You might think that with the new Distance Fares system, you can avoid this as this system allows you to tap out of an MRT station and then tap into another MRT station without paying extra if the transfer is done within 15 minutes – waiving the boarding charge.
However, this is false!
As seen highlighted by the red box, this charge waiver does not apply for exit and re-entry into the same station. This means that if you choose to re-enter the same train station, even within the 15 minutes, you will still be charged the boarding fee – no waiving of the boarding charge.
Random facts you may not know
Here are 3 interesting facts that you may not have heard before!
#1 Did you know that SMRT actually had its own mascot in the past?
Being aptly named Captain SMRT, he was fully donned in a red spandex suit that came fully installed with a red cape. He is probably the hero that we all wish we could be.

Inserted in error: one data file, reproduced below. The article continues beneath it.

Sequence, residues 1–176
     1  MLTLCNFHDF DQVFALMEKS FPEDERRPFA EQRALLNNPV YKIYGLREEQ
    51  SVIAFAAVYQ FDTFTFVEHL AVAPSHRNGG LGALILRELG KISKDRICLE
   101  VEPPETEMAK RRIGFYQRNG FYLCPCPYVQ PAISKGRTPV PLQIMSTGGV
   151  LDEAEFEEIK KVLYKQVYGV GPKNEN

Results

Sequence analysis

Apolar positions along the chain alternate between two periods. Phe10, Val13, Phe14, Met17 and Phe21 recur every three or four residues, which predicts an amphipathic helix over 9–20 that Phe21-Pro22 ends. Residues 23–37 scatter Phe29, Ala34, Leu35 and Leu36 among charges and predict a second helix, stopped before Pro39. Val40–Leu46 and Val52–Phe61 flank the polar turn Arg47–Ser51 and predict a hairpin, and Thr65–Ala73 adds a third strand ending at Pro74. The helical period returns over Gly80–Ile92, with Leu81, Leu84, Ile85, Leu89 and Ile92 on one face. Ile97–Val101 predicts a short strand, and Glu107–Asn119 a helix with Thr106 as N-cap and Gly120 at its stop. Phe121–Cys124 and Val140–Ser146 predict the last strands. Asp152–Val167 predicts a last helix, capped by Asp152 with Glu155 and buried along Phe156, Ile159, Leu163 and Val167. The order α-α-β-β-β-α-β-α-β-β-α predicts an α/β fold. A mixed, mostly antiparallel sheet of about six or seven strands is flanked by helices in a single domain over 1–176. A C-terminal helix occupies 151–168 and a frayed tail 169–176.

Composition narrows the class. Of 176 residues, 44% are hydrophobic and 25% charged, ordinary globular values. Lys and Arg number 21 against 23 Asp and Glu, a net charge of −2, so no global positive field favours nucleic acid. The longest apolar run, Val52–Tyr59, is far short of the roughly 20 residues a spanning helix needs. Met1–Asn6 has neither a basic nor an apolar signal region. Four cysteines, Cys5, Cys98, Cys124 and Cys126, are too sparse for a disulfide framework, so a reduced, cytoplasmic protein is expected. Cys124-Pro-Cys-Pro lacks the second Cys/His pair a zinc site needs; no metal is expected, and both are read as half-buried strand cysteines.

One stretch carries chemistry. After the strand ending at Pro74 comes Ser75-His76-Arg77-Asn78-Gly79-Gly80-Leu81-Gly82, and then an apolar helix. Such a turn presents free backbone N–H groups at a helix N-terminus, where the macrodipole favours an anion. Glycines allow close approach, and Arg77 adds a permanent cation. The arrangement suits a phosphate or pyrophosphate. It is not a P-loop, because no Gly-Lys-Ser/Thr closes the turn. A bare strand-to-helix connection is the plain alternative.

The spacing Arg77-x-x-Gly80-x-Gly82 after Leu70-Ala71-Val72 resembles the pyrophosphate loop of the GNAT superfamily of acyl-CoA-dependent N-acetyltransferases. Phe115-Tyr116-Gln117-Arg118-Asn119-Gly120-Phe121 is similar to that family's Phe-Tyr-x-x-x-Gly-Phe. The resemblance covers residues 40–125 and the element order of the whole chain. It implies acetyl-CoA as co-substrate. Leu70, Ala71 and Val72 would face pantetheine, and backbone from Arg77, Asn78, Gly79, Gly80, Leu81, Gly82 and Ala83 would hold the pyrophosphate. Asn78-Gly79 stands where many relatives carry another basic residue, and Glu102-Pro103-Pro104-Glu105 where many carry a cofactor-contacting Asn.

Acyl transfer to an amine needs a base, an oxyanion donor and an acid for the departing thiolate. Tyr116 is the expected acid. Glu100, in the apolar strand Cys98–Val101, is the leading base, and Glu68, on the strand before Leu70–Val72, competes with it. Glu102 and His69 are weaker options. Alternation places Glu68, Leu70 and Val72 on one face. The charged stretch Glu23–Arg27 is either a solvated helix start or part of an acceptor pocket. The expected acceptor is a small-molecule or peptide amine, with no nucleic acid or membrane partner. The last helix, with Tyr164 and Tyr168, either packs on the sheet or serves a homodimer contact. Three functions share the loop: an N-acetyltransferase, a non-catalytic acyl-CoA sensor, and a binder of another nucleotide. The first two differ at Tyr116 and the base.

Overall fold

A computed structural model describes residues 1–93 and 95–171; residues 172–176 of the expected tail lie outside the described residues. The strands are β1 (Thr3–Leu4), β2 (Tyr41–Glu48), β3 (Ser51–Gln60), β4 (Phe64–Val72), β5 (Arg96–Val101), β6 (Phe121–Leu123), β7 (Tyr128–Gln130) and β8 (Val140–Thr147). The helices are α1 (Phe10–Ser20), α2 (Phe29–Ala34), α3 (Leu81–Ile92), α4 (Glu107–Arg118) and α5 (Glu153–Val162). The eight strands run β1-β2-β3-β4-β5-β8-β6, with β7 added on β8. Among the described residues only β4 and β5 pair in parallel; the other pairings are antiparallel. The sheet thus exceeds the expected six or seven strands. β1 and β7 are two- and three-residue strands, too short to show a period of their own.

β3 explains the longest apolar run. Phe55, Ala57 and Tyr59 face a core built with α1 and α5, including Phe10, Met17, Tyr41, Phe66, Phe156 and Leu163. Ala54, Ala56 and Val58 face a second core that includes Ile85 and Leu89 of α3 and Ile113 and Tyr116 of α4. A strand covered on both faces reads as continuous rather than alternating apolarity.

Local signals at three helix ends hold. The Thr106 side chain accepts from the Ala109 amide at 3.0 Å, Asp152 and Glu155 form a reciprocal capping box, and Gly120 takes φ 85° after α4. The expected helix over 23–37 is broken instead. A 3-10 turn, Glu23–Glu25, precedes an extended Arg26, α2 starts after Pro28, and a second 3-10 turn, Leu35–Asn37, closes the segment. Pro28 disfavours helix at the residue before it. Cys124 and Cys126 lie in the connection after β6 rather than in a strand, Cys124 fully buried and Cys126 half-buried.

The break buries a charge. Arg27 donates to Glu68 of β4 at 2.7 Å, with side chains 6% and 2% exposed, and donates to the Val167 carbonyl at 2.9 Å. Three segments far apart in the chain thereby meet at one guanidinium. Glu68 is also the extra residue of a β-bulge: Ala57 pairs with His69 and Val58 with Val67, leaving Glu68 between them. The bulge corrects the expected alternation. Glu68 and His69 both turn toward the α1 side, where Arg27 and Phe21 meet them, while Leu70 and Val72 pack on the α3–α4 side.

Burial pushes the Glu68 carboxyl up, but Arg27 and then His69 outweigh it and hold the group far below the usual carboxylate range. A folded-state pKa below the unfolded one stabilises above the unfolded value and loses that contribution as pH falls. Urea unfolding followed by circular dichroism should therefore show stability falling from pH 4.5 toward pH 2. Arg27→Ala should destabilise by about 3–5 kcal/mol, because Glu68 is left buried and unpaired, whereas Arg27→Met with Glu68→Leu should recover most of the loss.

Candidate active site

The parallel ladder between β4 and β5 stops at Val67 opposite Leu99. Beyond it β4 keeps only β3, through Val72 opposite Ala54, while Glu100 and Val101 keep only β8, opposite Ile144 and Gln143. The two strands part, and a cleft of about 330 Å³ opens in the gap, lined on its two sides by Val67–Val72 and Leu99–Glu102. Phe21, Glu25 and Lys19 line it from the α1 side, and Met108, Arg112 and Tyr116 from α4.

#2 Dover station was not planned for at the beginning
Dover station is actually known as an infill station – which refers to a train station built on an already existing railway line to address demands for it.
#3 Phantom stations
Contrary to what you might be thinking, there is no horror story attached to this.
What “Phantom stations” actually refer to are hidden MRT infrastructures within an MRT station, which tend to be sealed off from public access. Having these areas allow new MRT lines to be developed, without disrupting the operation of existing lines.
For example, Punggol MRT has a restricted level that has been rumoured to be part of the upcoming Cross Island Line (CRL). Having such pre-built infrastructure in place, as such, ensures that while the CRL is being developed, the day-to-day operations of Punggol MRT are not affected.
Ending it off here, there is definitely a lot about our MRT that we do not know despite it playing such a pivotal role in many of our daily lives. I do hope that through this you have discovered something new and interesting or have had any of your doubts cleared.
With that being said, considering the importance of the MRT in many of our lives – let’s do our best to make the commuting experience good for everyone and keep to the rules stipulated by SMRT!
If you’re wondering why the Downtown Line has a loop, you can check out this guide here.